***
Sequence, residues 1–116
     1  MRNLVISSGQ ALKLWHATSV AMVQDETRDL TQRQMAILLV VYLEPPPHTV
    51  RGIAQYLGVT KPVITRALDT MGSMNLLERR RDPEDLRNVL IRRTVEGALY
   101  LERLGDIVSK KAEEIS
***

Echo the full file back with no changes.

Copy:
Sequence, residues 1–116
     1  MRNLVISSGQ ALKLWHATSV AMVQDETRDL TQRQMAILLV VYLEPPPHTV
    51  RGIAQYLGVT KPVITRALDT MGSMNLLERR RDPEDLRNVL IRRTVEGALY
   101  LERLGDIVSK KAEEIS